I was driving my kids to school the other day when a really good song popped up on my iPod. After doing a bit of air drumming while stopped at a red light, I glanced into the rearview mirror and said, “How does it feel to have a Cool Dad?”
The blank expressions on my little cherubs’ faces weren’t exactly encouraging.
“Who?” Rusty asked.
“You guys,” I said.
“But who’s cool?” he wondered still.
“I am. Me. The guy behind the steering wheel.”
At that they both rolled their eyes. Fearing that I may have misread their expressions – it was still kinda dark outside, after all, and the mirror might have been a little smudged – I said, “You do think I’m cool, right?”
There was a long pause, followed by a disconcerting “Umm…” that trailed off into a black pool of silence. This from the mouth of Audrey. My youngest. She’s 11. Still a reasonable age to consider her dad to be a pretty cool guy, right?
So then, I found myself justifying my coolness to the kids. “Hey, just last week I was partying in Seattle…rockin’ out at a bunch of concerts…right in front of the stage, even!…visiting Kurt Cobain’s house…slamming back shots, I mean, geoduck…I’m even wearing a Nirvana shirt right now…I bet all your friends’ dads are dressed in cardigans and grooving to Lawrence Welk tonight…”
My argument petered out as I realized it was no longer 1962.
And still, I was getting nowhere with the two in the back seat. Their eyes had glazed over the moment I opened my mouth. I, for one, was stunned. Shocked to learn that my kids don’t think I’m the coolest person in the world. It boggles the mind. How can they not see how hip to the jive their dad is? (Could it be that truly cool people never use the expression “hip to the jive” maybe?!).
I do think that as far as guys my age go – particularly dads – I’m a pretty cool dude. But I suppose once your kids have seen you kicking back on a recliner dressed in funky striped pajama pants and drinking tea while laughing over the crazy antics of Doug Heffernan on The King Of Queens they can never fully come around to thinking of you as cool.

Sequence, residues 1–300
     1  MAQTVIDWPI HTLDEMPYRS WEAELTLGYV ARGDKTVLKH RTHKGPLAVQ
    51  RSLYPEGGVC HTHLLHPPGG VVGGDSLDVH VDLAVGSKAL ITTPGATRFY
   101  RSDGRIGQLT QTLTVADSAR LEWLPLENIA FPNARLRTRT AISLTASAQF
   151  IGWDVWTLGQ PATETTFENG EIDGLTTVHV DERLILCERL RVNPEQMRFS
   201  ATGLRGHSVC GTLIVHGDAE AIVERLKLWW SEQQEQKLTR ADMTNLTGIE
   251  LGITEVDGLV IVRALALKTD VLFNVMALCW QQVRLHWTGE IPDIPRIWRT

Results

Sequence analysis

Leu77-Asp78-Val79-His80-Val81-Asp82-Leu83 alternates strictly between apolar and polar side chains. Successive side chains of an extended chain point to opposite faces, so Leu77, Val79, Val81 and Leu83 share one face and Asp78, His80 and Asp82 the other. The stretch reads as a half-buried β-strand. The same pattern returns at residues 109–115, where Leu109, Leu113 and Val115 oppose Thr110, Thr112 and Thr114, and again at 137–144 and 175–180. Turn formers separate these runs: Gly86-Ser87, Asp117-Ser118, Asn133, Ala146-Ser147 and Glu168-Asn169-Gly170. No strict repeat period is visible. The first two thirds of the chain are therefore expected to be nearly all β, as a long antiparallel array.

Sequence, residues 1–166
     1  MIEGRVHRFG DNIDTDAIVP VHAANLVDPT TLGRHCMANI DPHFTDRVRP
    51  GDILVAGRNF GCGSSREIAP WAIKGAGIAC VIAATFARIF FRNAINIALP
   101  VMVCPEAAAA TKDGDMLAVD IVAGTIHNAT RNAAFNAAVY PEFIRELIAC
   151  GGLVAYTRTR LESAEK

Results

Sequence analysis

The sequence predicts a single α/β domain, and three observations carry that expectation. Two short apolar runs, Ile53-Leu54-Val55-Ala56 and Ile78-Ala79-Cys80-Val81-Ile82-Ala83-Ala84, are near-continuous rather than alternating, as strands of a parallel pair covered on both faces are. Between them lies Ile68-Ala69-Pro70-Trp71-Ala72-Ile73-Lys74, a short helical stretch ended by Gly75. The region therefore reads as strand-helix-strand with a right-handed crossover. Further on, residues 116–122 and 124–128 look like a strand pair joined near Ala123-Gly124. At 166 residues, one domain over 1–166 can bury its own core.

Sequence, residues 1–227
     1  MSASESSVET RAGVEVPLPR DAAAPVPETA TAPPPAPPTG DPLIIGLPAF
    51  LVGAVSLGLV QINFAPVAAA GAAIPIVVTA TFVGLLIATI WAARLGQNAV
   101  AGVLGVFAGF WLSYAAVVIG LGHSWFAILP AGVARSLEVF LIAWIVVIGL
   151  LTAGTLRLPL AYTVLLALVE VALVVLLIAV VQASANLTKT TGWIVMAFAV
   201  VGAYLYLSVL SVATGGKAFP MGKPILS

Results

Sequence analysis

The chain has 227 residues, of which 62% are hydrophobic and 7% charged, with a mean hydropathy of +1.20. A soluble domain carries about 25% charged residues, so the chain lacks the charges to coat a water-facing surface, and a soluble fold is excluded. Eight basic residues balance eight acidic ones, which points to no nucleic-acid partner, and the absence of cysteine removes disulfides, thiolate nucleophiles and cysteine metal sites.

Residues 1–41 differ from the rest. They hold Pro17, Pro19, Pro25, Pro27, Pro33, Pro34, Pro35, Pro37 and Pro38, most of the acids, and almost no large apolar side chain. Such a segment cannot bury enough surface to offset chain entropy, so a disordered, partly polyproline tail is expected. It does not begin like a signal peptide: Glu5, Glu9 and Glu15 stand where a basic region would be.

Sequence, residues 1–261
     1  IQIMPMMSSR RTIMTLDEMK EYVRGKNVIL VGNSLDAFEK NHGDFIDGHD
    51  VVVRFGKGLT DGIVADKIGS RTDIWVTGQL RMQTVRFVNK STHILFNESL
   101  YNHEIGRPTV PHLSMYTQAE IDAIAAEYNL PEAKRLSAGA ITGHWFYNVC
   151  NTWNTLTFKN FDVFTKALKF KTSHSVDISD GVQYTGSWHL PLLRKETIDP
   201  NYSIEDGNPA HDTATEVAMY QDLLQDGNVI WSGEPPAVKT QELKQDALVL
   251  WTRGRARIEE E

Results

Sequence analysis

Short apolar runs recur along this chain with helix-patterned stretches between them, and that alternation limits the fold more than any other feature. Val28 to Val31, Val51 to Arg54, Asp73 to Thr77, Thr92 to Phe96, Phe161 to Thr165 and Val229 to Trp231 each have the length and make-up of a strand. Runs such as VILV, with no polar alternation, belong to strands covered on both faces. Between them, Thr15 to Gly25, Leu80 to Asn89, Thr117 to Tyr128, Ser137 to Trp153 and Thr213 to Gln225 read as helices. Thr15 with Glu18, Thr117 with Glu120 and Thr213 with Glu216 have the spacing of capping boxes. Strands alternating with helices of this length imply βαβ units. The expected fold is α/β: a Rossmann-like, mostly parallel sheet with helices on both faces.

“Well,” I grumbled, my ego now bruised. “Tara says we’re both too cool for the room.”
‘Tis true. It’s a favorite expression of ours. But this last desperate gambit of mine, one final chance to show them that somebody at least thinks I’m cool, backfired when Rusty said, “Isn’t she in her 30s?”
“Well, that’s pretty old.”
“Excuse me? 30s is considered old?!”
A pair of heads nodded in unison. I knew I couldn’t blame a dirty mirror this time; the response was too perfectly choreographed. To make matters worse, the sun was now rising, eliminating “shadowplay” (and its kindred spirit “a trick of the light”) from being a possibility.
“What exactly do you think is old?” I asked, fearing the answer.
“Anything over 28,” they replied. In stereo.
Anything. Over. 28. Sigh…I don’t stand a chance with those two. That train left the station many years ago. I guess I’ll just have to resign myself to the fact that no matter how many obscure indie bands I like or rock concerts I attend or Nirvana t-shirts I wear or
glasses of bourbon platters of geoduck I down, my kids will never, ever consider me cool.
Well, boo to them! Something tells me their Christmas stockings are going to be a little on the empty side this year, if you catch my drift. Cool dads might stuff them full of all sorts of awesome things, but since I’m not cool, they’ll have to be content with a toothbrush and a pair of socks. If they’re lucky.
While I may not be cool, you know who is? Tara’s brother, Eric.
That’s right. Eric is one cool cat. He is awesomely cool in a way that very few people can ever hope to match. Eric’s so cool, I want to fill my blog with his name over and over again because it sounds so damn good. Eric. Eric. Eric. Eric.
Eric. Eric. Eric.
You know what? Still not out of my system yet…
Eric. Eric. Eric. Eric. Eric. Eric. Eric.
That’s a little better, but I think at this point I should save the rest for another time. Wouldn’t want to OD on such a cool guy right off the bat, you know?